Many so-called experts predicted that help wanted ads would become obsolete as the Internet grew in popularity. In reality, help wanted ads are still going strong and remain one of the most important job search steps for jobs at the mid-management level and below.
Case in point: Not only am I a hiring manager, but I was a job seeker myself a few years ago. In fact, I lost my job twice in four months. Both times, I found a new job in a few weeks and both times I found my new job through the newspaper classifieds. And we’re talking here about mid-management jobs in the $75,000 – $90,000 range.
For the more rank-and-file positions, classified help wanted ads will be even more productive.
Why Help Wanted Ads are Still Used
Newspaper classified ads are used for a variety of reasons, but the bottom line is that for mid-level positions and below, they work. It’s not uncommon for me to receive a couple of hundred applications when I advertise an opening in the major newspaper for my area.
While you won’t see many Vice-President and above positions in the want ads, you will see most mainstream positions advertised. There are several reasons for this:
- They have been used for decades and everyone knows how to look at them.
- They are relatively inexpensive for the employer.
- Almost all newspapers of any size now have their help wanted ads online as well as on paper. It’s the best of both worlds.
- Help wanted ads are local. The employer knows that most job seekers will be local. As a hiring manager, I’m more likely to interview local candidates because there are no transportation expenses for the interview and no relocation expenses if I hire. Also, local candidates are usually able to start quicker.
- It’s simply easier and more comfortable to pick up the newspaper and quickly scan the employment ads. Ironically, it’s actually faster to scan a newspaper page full of want ads than it it to page through many screens to get the same information online.
Here’s the Best Way to Use the Help Wanted Ads
For almost all newspapers, you can now find the want ads printed the traditional way on paper, as well as posted electronically on the newspaper web site.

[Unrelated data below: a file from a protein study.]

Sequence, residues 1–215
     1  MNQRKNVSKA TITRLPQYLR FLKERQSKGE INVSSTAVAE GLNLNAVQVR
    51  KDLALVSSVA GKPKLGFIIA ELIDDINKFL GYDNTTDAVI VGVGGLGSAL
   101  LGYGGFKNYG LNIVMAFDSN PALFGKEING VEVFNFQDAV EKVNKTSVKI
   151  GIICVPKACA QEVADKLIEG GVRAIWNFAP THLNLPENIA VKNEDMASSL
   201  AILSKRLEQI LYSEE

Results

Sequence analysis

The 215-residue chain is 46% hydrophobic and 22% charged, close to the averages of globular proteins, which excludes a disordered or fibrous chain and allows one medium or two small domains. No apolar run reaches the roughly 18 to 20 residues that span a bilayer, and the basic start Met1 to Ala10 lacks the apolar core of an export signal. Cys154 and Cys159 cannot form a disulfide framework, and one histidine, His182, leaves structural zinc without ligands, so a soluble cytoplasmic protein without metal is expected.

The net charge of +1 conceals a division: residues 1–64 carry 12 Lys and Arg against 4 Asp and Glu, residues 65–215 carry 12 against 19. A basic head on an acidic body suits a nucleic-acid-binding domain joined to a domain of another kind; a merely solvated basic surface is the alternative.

Help Wanted Ads on Paper
The instructions for searching the paper want ads are very simple: pick up the newspaper and read it! However, read it productively. Here’s how:
- Read all the employment ads, not just those in the category for which you’re interested. The reason is that job openings will many times be in a completely different section than where you’d expect. For example, if you’re looking for a medical supplies sales job, you should look in the “Sales” section of the want ads plus the “Health Care” section. You may even want to look in the “Retail” section. Go through all the want ad sections because you never know where you next job may be listed.
- Circle in red all jobs that look interesting. Don’t spend too much time thinking about it, just go quickly through all the want ads and mark ones that look promising.
- Now go back and read carefully the ones you circled in red. Cross-off the ones that now don’t seem appropriate or for which you aren’t qualified.
- For the remaining ones not crossed off, cut them out and enter them into the spreadsheet where you’re tracking jobs you’ve applied for (you do have one, don’t you? If not, visit this page for instructions). Keep the ads you cut out in a manila folder labeled “Jobs Applied For” so that you’ll know how the job was advertised if you get called for an interview.
The Sunday newspaper is where most job postings appear, so be sure to at least look every Sunday. But also check the daily edition because you never know when a job opening will first be published.
Newspaper Online Help Wanted Ads
Today, almost all newspapers have a web site and post their classified ads online in addition to publishing them on paper.
This is a real boon for the job seeker because the online help wanted ads will usually stay online longer than in print. Plus, the larger newspapers help wanted ads will frequently have good search capabilities and will often list when each job was posted.
So how do you find the web sites for all the newspapers in your area? There are several online listings of newspapers and other media, but the best one in my opinion is The American Journalism Review Newslink. It is a very well organized and comprehensive list of not only newspapers, but magazines and Radio/TV stations. It’s sorted both by state and by category to make searching very easy. This should be your number one resource for finding newspaper and other media web sites. It is also thankfully free of any advertising or annoying pop-ups.
The largest newspapers will even have “search agents” for their help wanted ads. A search agent allows you to define what types of jobs you’re looking for and then whenever new jobs are posted that meet your criteria, they are emailed to you.
It just doesn’t get any easier than this!
You should set up search agents at all the newspapers that offer them in your geographical area. However, this is not a substitute for searching the online help wanted ads on a regular (by regular, I mean daily) basis. New job postings may appear in categories you don’t have specified in your search agent.
You should print a copy of online help wanted ads that interest you. You can then apply for them one at a time. Be sure to enter them on your job tracking spreadsheet and keep a copy in your “Jobs Applied For” folder.